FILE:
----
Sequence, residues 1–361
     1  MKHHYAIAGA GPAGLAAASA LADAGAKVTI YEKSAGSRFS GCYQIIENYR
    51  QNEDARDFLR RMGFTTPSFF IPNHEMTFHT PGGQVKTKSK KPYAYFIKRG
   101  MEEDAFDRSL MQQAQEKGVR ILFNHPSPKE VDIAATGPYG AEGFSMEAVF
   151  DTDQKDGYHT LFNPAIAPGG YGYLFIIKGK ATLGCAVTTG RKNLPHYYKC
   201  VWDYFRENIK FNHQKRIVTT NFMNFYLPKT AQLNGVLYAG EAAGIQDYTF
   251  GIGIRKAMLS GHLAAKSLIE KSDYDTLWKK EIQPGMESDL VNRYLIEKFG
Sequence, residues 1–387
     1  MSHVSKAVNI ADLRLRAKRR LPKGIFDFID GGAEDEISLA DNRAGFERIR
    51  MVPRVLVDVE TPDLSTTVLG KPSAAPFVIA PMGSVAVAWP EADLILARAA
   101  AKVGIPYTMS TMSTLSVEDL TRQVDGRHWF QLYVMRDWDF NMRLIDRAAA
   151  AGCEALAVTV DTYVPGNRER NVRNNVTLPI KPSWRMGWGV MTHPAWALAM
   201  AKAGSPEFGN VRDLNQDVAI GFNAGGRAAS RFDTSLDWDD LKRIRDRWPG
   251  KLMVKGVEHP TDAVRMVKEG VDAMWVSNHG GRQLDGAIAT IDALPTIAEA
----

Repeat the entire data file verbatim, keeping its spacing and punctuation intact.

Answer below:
Sequence, residues 1–361
     1  MKHHYAIAGA GPAGLAAASA LADAGAKVTI YEKSAGSRFS GCYQIIENYR
    51  QNEDARDFLR RMGFTTPSFF IPNHEMTFHT PGGQVKTKSK KPYAYFIKRG
   101  MEEDAFDRSL MQQAQEKGVR ILFNHPSPKE VDIAATGPYG AEGFSMEAVF
   151  DTDQKDGYHT LFNPAIAPGG YGYLFIIKGK ATLGCAVTTG RKNLPHYYKC
   201  VWDYFRENIK FNHQKRIVTT NFMNFYLPKT AQLNGVLYAG EAAGIQDYTF
   251  GIGIRKAMLS GHLAAKSLIE KSDYDTLWKK EIQPGMESDL VNRYLIEKFG
Sequence, residues 1–387
     1  MSHVSKAVNI ADLRLRAKRR LPKGIFDFID GGAEDEISLA DNRAGFERIR
    51  MVPRVLVDVE TPDLSTTVLG KPSAAPFVIA PMGSVAVAWP EADLILARAA
   101  AKVGIPYTMS TMSTLSVEDL TRQVDGRHWF QLYVMRDWDF NMRLIDRAAA
   151  AGCEALAVTV DTYVPGNRER NVRNNVTLPI KPSWRMGWGV MTHPAWALAM
   201  AKAGSPEFGN VRDLNQDVAI GFNAGGRAAS RFDTSLDWDD LKRIRDRWPG
   251  KLMVKGVEHP TDAVRMVKEG VDAMWVSNHG GRQLDGAIAT IDALPTIAEA